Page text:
The second half of the 19th century saw racing evolve from being a mere pastime and friendly competition to a sport with great potential for development. With the support of the early Englishmen as well as Indian princes and maharajas, racing in India achieved glorious heights. Today, the sport is more commercialised and is increasingly viewed as a “rich man’s sport”. There are numerous theories on what the future of Indian racing holds; many agree that there is a need to lessen taxation and attract younger people to the sport to increase its popularity.



3 September, 2016

Dawn of a new era
Photos: Baiju Parthan 
Text: Art Musings
The artworks presented here, by artist Baiju Parthan, come from the series Necessary Illusions, which combines painting as well as digitally composed pieces. Parthan is one of the early exponents of new media art and mediatic-realism in the Indian contemporary art scene. His vocabulary consists of arcane symbols, found imagery, as well as contemporary photographic materials that are woven together to create paintings which reveal a dense multi layered phenomenological landscape. 
His work in the digital realm consists mainly of explorations into the constantly mutating interstice where the virtual and real bleed into each other. Through a range of computer generated virtual objects presented in video installations, large scale prints on metallic surfaces, and lenticular prints, Parthan manages to present a critique on high technology and its impact on our life and experience of reality.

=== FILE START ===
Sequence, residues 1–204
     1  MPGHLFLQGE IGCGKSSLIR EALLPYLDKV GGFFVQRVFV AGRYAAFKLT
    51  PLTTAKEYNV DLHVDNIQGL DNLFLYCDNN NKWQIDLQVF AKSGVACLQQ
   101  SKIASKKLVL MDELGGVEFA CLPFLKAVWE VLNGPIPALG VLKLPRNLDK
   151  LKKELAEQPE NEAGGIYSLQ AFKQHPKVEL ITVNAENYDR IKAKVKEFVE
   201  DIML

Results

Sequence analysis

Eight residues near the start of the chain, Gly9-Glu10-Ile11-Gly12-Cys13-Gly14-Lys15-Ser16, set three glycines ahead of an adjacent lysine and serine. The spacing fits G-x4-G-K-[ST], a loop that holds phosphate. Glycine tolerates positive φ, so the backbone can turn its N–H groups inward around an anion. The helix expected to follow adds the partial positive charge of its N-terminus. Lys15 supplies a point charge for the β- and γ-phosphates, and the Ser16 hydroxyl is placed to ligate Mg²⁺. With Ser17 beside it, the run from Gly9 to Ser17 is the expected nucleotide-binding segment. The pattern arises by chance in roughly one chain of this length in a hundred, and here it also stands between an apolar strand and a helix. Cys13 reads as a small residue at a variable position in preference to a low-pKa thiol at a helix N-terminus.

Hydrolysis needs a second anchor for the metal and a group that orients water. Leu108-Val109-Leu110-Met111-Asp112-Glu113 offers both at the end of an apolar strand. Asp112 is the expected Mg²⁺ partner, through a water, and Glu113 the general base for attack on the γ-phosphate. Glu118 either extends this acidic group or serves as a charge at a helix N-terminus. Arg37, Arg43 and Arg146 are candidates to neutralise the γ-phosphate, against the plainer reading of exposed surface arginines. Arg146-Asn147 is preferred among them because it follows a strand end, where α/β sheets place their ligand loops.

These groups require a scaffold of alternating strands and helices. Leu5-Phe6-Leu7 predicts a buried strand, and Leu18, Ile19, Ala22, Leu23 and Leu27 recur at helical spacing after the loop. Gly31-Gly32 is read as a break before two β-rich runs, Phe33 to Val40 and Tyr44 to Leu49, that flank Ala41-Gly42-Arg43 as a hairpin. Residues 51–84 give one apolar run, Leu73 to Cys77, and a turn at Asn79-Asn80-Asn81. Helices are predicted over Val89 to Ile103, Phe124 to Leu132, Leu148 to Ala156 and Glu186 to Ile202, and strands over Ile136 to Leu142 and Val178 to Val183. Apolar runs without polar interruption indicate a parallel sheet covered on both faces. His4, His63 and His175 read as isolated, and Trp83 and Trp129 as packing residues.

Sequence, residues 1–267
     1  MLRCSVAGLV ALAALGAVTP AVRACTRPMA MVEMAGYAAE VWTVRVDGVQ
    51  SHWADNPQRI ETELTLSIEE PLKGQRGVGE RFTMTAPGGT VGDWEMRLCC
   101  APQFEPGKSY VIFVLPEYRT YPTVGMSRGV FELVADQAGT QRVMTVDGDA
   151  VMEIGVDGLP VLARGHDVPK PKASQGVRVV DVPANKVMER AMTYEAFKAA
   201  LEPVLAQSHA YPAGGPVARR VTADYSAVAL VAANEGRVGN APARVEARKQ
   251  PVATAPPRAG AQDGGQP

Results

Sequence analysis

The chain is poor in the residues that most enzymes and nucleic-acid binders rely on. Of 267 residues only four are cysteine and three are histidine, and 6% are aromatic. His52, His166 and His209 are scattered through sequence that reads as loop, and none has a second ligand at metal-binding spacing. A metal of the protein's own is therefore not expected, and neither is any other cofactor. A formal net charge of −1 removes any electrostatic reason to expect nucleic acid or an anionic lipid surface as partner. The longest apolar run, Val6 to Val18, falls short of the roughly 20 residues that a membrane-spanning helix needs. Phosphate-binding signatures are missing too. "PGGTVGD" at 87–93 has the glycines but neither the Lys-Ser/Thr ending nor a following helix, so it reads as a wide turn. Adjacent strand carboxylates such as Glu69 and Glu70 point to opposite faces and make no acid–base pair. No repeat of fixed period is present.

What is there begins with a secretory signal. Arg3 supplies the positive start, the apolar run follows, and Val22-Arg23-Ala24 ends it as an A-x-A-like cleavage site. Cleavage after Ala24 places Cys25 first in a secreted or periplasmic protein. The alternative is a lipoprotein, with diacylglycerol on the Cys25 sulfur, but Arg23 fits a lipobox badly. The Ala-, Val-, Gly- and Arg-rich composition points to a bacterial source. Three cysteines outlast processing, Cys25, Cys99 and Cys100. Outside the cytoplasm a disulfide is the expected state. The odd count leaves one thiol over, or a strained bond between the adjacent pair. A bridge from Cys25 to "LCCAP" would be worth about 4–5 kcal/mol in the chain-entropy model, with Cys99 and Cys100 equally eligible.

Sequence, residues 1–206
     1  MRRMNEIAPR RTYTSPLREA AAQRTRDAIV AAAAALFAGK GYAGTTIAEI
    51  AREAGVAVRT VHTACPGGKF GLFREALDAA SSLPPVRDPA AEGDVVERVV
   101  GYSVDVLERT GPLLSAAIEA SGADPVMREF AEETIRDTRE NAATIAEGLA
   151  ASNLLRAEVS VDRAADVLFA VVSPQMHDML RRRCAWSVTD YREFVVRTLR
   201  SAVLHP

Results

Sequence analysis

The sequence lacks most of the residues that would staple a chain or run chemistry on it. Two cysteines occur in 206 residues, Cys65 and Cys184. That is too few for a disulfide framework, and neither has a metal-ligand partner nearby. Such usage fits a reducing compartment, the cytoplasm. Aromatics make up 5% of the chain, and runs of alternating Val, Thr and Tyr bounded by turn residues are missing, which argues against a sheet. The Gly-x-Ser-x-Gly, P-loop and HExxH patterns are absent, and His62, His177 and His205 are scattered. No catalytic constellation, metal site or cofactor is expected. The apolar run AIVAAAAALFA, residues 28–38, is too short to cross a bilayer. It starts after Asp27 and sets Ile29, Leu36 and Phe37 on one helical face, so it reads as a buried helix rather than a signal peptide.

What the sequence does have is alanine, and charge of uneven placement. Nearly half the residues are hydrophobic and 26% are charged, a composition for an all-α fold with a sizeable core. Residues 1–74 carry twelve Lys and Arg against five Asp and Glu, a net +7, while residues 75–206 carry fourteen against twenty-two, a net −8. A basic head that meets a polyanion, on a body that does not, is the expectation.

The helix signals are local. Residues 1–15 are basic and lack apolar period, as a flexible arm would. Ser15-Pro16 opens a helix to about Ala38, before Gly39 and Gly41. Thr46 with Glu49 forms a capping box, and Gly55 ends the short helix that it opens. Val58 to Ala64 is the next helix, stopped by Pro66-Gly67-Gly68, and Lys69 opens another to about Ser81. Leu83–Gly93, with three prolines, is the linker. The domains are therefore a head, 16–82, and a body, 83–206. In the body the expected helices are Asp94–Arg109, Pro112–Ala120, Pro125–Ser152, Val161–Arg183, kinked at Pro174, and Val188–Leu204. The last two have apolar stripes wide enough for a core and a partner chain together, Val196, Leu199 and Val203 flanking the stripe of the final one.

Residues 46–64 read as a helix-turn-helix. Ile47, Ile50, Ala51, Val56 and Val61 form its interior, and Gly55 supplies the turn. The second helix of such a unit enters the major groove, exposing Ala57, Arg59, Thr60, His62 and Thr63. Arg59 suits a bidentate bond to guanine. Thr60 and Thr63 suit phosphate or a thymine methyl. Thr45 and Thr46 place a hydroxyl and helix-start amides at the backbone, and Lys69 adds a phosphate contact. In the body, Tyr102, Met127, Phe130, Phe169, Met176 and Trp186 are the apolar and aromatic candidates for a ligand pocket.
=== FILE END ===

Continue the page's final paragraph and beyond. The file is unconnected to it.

The exhibition continues till 19 October at Mumbai’s Art Musings.

27 August, 2016

City of Love
Photos & text: Rupin Thomas
Photographer Rupin Thomas brings alive Paris, a dream destination for millions of travellers. He has captured the city in an intimate light through its grand buildings, breathtaking landscapes and its graffiti. 
“There are larger questions the way we form society or constructs of a city whether it is Paris or Delhi. And until we come to a recognition of the fallacies of the fundamentals we build our social constructs on, we can’t come to a realization of how to rise above the trivial or find solutions to alleviate our inability to face realities... that’s when we fabricate our own rationalizations,” says the 33-year-old photographer.